Development of a flow rate monitoring method for the wearable ventricular assist device driver
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Our research institute has been working on the development of a compact wearable drive unit for an extracorporeal ventricular assist device (VAD) with a pneumatically driven pump. A method for checking the pump blood flow on the side of the drive unit without modifying the existing blood pump and impairing the portability of it will be useful. In this study, to calculate the pump flow rate indirectly from measuring the flow rate of the driving air of the VAD air chamber, we conducted experiments using a mock circuit to investigate the correlation between the air flow rate and the pump flow rate as well as its accuracy and error factors. The pump flow rate was measured using an ultrasonic flow meter at the inflow and outflow tube, and the air flow was measured using a thermal mass flow meter at the driveline. Similarity in the instantaneous waveform was confirmed between the air flow rate in the driveline and the pump flow rate. Some limitations of this technique were indicated by consideration of the error factors. A significant correlation was found between the average pump flow rate in the ejecting direction and the average air flow rate in the ejecting direction (R 2 = 0.704–0.856), and the air flow rate in the filling direction (R 2 = 0.947–0.971). It was demonstrated that the average pump flow rate was estimated exactly in a wide range of drive conditions using the air flow of the filling phase.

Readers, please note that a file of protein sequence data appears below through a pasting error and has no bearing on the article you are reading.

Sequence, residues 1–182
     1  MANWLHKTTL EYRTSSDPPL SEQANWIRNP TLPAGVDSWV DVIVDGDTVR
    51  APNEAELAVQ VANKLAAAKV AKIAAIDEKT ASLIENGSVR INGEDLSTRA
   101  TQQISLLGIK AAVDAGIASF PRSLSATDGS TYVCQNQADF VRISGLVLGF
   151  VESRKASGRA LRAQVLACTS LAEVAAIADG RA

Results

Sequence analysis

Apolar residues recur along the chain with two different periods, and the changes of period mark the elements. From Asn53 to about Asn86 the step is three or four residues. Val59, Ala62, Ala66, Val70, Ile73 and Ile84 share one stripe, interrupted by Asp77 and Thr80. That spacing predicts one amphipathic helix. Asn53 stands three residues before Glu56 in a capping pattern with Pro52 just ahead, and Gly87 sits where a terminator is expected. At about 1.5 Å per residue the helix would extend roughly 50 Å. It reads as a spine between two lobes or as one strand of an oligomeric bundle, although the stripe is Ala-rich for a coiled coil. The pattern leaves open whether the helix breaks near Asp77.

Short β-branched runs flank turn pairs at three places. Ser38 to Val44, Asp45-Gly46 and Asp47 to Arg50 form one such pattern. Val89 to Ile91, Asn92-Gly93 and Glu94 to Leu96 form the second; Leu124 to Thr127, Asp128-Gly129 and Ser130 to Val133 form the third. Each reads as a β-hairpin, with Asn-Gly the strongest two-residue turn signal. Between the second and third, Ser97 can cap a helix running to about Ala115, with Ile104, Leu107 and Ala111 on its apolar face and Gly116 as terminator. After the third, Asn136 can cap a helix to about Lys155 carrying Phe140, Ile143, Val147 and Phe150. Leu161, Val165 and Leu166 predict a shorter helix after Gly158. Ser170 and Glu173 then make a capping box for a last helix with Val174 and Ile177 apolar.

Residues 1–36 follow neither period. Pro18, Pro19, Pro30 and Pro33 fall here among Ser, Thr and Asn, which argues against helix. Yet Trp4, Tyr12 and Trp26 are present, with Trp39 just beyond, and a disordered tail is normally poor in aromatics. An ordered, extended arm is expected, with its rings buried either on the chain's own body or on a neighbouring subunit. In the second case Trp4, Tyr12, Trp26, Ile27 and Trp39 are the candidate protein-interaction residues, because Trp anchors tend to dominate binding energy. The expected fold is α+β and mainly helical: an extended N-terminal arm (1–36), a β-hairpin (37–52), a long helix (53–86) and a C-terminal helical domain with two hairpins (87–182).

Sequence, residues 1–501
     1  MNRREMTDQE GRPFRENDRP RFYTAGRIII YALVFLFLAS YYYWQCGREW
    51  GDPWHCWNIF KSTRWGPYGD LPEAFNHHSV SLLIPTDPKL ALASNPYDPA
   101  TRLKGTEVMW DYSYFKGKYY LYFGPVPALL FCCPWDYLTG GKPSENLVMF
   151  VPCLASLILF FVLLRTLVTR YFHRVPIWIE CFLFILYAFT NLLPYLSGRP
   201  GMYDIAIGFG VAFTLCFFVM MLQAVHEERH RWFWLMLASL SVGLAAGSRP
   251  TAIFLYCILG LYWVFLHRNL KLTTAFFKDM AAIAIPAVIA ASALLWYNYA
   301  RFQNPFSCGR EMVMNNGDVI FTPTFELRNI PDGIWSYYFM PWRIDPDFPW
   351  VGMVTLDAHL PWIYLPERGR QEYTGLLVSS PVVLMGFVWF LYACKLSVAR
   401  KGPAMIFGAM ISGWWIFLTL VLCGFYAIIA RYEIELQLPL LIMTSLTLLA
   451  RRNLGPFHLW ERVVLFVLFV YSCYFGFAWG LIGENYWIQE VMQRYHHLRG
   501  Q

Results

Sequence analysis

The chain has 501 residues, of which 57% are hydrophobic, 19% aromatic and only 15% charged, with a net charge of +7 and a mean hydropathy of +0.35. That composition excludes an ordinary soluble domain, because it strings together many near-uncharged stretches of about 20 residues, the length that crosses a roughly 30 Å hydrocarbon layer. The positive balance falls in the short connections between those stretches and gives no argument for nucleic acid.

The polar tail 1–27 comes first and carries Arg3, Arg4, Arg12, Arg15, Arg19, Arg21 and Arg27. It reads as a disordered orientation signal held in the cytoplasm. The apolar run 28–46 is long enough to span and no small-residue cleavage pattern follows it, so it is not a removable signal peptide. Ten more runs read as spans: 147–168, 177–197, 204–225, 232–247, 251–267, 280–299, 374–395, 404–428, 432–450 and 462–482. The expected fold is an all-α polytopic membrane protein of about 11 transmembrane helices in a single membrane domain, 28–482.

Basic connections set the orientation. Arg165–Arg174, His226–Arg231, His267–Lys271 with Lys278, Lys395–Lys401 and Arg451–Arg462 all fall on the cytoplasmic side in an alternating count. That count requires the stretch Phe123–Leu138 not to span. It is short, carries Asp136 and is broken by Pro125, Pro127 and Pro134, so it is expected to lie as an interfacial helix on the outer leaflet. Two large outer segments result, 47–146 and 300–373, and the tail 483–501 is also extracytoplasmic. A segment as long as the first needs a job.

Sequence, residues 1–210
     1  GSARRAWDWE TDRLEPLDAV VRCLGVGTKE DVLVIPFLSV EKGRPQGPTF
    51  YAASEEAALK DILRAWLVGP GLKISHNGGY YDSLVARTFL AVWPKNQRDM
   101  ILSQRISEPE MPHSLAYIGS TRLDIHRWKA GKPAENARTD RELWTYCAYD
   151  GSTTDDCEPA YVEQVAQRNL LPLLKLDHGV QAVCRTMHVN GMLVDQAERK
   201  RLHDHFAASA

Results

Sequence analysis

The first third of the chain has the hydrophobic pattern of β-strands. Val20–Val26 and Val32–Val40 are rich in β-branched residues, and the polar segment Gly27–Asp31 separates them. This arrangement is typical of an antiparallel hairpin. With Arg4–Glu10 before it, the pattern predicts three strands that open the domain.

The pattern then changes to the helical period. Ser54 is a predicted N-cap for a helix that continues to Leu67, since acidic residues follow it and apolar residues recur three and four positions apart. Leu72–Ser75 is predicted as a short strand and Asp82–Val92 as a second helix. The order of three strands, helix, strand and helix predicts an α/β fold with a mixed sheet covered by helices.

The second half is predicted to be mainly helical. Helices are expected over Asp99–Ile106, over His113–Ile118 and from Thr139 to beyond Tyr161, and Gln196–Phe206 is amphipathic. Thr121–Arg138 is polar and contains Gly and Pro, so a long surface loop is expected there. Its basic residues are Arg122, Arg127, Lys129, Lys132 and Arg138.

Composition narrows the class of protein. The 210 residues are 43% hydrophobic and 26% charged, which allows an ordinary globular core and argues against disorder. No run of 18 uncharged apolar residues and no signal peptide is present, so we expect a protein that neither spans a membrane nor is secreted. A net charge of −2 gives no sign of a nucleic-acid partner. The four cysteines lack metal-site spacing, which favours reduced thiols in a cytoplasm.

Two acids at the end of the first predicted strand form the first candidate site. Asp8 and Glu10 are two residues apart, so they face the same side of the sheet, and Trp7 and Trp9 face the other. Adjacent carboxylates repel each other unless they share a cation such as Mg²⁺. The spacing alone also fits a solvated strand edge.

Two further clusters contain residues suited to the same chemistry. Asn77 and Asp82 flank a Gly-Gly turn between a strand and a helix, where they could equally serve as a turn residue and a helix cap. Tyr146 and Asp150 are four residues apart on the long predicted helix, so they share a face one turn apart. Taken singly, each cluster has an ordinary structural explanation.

KeywordsFlow rate monitoring Wearable pneumatic drive unit Ventricular assist devices (VADs) Air mass flow
This study was supported in part by Grant-in-Aid for Scientific Research (B) (No. 24390308) and Grant-in-Aid for Challenging Exploratory Research (No. 25670563) from the Japan Society for the Promotion of Science and the Ministry of Education, Culture, Sports, Science and Technology of Japan.
Conflict of interest
The authors declare that they have no conflict of interest.
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